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Sunday, April 27, 2014

ANZAC Day 2014...

This day, April 25, is like the Aussie and New Zealand version of Memorial Day in the US, where service men and women are paid tribute for their efforts in times of war...and especially those who died while serving. Services, marches, and ceremonies honour these people. This year DH and I were fortunate in that we were able to join some friends of ours at 2 ANZAC ceremonies in France. In France...you may wonder?? 
I had heard over the years of French villagers who continued to honour the Australian soldiers who, during the First World War helped save these villages from the enemy...I had read articles of how these villagers came to idolise the Aussie soldiers...and this was passed on to the subsequent generations. One such village was Villers Bretonneux. They have never forgotten...each year there would be wreathe laying ceremonies on ANZAC Day. Just outside the village there is a war cemetery where Allied soldiers are buried. 
There is also a huge Australian War Memorial which is the scene of an ANZAC Dawn service each year, attended by dignities from government ( Australian, NZ, Canadian, British, French etc) and all 3 military services plus thousands of ordinary Australians (and some NZ ers)  and many employees from the Department of Veterans' Affairs in the Federal government. 
My friend Carmen's great uncle lost his life in this area and is buried in one of the war cemeteries, and we teamed up with her family and another friend, to be there. ( I also saw another friend who was also there among the 6000...she knew DH and I would be there from Facebook but we didn't know she was even in France...lovely surprise)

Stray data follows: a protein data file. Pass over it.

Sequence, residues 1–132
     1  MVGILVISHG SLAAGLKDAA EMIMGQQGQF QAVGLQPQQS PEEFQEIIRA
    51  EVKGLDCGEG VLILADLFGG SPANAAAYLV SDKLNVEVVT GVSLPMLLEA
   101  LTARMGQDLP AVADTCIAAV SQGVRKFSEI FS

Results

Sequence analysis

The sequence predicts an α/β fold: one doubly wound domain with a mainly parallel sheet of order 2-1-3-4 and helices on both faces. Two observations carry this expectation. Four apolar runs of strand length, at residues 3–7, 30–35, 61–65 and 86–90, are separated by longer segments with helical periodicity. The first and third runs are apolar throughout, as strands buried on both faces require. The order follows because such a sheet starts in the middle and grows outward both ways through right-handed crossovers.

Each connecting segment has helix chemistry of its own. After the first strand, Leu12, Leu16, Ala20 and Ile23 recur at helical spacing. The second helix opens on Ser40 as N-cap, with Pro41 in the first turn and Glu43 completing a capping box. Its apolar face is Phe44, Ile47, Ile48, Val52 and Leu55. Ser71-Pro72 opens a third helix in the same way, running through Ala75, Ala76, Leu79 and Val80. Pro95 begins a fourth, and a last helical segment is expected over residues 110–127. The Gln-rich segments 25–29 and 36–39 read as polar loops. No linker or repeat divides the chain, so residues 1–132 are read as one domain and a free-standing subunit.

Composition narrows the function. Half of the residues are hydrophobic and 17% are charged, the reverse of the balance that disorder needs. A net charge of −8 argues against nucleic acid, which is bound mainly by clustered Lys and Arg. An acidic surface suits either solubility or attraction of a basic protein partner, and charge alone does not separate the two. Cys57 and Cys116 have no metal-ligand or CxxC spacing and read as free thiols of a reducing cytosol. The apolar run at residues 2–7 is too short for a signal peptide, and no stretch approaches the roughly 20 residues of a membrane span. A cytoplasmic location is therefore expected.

It was the most awe inspiring and emotional experience to have! 
Our alarm was set for 2 am but none of us had gotten much sleep after we had said goodnight at 10pm after meeting up for dinner the night before in Amiens...

We had to meet at the square near the Carlton Hotel in Amiens at 2.55 am to catch our shuttle buses which would take us out to Villers Bretonneux...it was a five minute stroll from our hotel. There were hundreds of people already there when we arrived at 2.45 am...
The buses start to arrive...

We were on the B series of shuttle buses so we had a little longer to wait. My friend had brought over some wreaths made with sprays of wattle (artificial of course) which she would place at the 2 ceremonies.


The drive to the war memorial took approximately 30 minutes. When we arrived we saw the huge numbers if people making their way up the hill to the memorial. It was eerie...people walked silently in the dark...plastic matting made temporary pathways thus avoiding the muddy wet ground.


The Australian flag and the French flag at half mast...




An army officer who served with Carmen's son stops to have a word with him and his family...

The camera crews at the side rush to get footage of a French soldier who was obviously very important...

Before the service, music and vocalists were provided by the Australian Army Band and choirs from The Hutchins School and St Michael's Collegiate School of Hobart. And images from WW1 were projected on the wall of the tower of the memorial.

Near the end of the service was the wreath laying...governments first and finally families...Carmen and her son laid the wreath of wattle sprays...


By the end of the service the sun was up and it was very very cold...